However, there were also cultural barriers that affected the rehabilitation process.
“Whereas [in the UK] we try and encourage our patients to take responsibility for practicing their exercises, there culturally it was [expected] that somebody else would come and take care of them rather than us trying to encourage the patient to take greater responsibility to be functionally independent.”While Cole was in Gaza she was sometimes working from seven in the morning until nearly midnight preparing the workshops, for example. She said that the long, draining hours were part of what made the work attract volunteers with a personal commitment.
In the week before she first travelled to Gaza she took a hostile environment awareness training course, required of most staff deployed to conflict zones.
“Undoubtedly I had a few moments where I thought… is this a wise thing to do? [The course] did raise questions. It did make me think about what I was committing to. There was a lot of uncertainty and a lot of unknown about what we were going to meet in Gaza but the security training and the structure of Handicap International was very reassuring and supportive.”
Cole said she did not feel as though she could simply walk around and take photos of Gaza, as she normally would have done in a new place, she said she found the whole experience taught her a lot about herself in terms of cultural sensitivity.
“What was really important was that we had to be sensitive. What right did we have to come and tell them what to do? It was really important that we were facilitating and enabling them.”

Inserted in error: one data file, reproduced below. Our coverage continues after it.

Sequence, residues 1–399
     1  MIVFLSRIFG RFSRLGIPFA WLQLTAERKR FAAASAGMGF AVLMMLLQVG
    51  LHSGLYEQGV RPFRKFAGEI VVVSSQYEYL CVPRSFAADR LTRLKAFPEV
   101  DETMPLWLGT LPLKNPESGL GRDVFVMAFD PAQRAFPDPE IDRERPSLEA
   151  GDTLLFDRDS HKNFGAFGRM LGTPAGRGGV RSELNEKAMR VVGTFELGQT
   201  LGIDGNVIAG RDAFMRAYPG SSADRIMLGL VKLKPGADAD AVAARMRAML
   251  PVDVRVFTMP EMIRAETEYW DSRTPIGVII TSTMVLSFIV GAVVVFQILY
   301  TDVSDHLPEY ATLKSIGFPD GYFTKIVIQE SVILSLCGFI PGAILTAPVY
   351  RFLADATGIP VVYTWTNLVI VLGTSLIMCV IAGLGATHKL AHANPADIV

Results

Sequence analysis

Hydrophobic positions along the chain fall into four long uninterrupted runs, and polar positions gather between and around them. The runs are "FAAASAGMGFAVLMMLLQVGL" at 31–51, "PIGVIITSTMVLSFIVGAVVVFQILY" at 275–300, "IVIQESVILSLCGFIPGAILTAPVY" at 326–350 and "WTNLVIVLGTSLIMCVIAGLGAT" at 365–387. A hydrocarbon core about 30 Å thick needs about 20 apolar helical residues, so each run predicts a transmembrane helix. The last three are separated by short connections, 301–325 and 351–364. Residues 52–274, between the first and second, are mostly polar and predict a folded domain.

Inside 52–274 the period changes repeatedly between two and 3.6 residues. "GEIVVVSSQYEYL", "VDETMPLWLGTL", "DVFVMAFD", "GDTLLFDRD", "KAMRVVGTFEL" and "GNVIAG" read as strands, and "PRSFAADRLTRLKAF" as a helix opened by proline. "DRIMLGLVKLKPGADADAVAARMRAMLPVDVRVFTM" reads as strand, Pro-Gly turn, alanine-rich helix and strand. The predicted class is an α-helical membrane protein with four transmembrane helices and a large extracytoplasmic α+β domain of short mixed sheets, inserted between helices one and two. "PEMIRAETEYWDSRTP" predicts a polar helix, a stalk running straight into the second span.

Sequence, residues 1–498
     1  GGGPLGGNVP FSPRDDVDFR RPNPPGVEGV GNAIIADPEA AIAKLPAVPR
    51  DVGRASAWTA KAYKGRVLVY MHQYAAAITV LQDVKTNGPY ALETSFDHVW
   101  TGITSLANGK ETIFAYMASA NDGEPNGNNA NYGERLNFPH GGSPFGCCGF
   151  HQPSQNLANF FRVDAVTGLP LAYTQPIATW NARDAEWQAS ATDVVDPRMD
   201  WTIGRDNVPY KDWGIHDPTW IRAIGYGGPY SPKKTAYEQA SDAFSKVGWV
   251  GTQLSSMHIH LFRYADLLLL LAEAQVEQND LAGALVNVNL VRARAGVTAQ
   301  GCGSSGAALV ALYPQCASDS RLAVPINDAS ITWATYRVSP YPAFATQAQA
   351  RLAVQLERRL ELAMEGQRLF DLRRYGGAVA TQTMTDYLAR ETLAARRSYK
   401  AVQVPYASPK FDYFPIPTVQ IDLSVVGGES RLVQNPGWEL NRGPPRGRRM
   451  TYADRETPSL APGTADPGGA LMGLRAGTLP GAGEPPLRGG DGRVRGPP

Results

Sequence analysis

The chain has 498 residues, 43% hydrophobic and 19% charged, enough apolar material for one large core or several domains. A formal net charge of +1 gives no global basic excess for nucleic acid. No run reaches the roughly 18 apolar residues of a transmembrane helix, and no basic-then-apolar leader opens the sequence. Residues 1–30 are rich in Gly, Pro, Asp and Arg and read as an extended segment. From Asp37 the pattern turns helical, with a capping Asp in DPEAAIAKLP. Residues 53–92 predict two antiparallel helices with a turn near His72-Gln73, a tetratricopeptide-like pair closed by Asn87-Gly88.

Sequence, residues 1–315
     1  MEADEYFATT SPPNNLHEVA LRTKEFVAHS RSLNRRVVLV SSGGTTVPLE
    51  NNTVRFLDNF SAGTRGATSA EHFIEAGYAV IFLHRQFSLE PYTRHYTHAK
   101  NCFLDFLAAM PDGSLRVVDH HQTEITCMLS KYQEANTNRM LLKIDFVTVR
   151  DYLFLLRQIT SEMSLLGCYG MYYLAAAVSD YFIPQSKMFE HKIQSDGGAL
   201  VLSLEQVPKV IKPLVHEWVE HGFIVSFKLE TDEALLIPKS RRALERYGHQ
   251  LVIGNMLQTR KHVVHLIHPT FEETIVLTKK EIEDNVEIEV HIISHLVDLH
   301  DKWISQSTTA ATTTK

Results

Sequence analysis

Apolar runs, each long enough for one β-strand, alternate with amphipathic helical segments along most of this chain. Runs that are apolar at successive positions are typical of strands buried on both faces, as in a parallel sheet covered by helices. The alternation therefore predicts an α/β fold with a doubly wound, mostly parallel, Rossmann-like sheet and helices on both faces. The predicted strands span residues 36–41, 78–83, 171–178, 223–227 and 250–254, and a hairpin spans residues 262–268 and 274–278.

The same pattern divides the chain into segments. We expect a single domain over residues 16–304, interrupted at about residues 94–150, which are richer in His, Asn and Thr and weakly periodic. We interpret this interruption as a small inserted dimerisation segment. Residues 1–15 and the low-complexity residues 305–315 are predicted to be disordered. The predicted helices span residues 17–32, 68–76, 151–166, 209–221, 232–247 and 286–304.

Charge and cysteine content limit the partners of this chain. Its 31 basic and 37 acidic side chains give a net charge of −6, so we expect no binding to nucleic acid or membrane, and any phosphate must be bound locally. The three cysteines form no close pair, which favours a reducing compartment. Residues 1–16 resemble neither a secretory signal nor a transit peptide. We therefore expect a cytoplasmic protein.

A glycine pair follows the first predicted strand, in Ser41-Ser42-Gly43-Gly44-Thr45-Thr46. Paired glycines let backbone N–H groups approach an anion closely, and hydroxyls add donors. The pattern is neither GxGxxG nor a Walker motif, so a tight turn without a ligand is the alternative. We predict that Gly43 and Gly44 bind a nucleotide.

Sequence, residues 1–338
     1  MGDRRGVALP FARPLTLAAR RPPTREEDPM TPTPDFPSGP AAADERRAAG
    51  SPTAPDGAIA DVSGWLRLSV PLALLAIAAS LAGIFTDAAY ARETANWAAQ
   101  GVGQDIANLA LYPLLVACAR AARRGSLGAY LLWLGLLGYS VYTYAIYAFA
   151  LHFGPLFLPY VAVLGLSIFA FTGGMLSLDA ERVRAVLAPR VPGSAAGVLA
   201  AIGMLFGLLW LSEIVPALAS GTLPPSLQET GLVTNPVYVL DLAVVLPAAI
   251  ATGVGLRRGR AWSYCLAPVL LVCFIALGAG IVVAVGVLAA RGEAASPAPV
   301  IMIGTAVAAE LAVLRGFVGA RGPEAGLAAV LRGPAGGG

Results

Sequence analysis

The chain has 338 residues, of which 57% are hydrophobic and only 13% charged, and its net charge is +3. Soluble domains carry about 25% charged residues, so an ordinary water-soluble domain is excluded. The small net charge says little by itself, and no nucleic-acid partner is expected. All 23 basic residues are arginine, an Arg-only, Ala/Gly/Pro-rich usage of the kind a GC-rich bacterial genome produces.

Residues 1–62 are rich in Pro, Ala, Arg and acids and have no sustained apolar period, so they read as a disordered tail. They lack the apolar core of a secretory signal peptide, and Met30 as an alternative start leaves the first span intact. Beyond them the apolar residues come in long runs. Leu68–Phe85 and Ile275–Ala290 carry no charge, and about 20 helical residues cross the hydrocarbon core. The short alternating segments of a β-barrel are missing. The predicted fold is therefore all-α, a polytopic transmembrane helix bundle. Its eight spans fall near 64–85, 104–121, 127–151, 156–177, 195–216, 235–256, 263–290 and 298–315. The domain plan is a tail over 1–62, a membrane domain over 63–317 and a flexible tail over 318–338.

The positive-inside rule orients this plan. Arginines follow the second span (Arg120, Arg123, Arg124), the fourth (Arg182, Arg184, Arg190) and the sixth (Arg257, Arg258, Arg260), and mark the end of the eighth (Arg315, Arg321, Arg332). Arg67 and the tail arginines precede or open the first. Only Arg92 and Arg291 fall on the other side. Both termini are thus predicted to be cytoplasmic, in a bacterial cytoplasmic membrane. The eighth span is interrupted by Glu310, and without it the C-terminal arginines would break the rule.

Having now been acknowledged by David Cameron for her work, Cole is now hoping to research the impact that her and her colleagues have made in Gaza. She has also been asked by third year KU Physiotherapy students to give a talk on her work.
She said she still feels emotional thinking back on her experience and explained that one of the biggest challenges of the whole experience was limitation posed by time.
“We were there for such a short period of time and you wanted to do more,” she said. “Two weeks, logistically, that’s a short space of time and you just wish you could be there longer.”
Despite that, the graciousness and warmth of the people of Gaza remains with her and is one of the most positive things she takes away from her short time there. She said she was surprised at how accepting Gazans were, despite what they had just gone through.
“You would ask them what they hope for the future and they were pretty pragmatic. They don’t know what the future holds, they simply don’t know. But nowhere did I hear anybody complaining. They’re almost accepting – regretful – but accepting of the situation.”
She went on to say that she plans to stay on the trauma register for the considerable future as, when she doesn’t have commitments at home or at her job, she would like to spend six months embedded in a different country and using her specialist clinical skills to support services abroad.
“Would I do it again? Yes I would,” she said confidently. “I hope it wouldn’t be in a situation post-conflict, but yes, I would definitely do it.”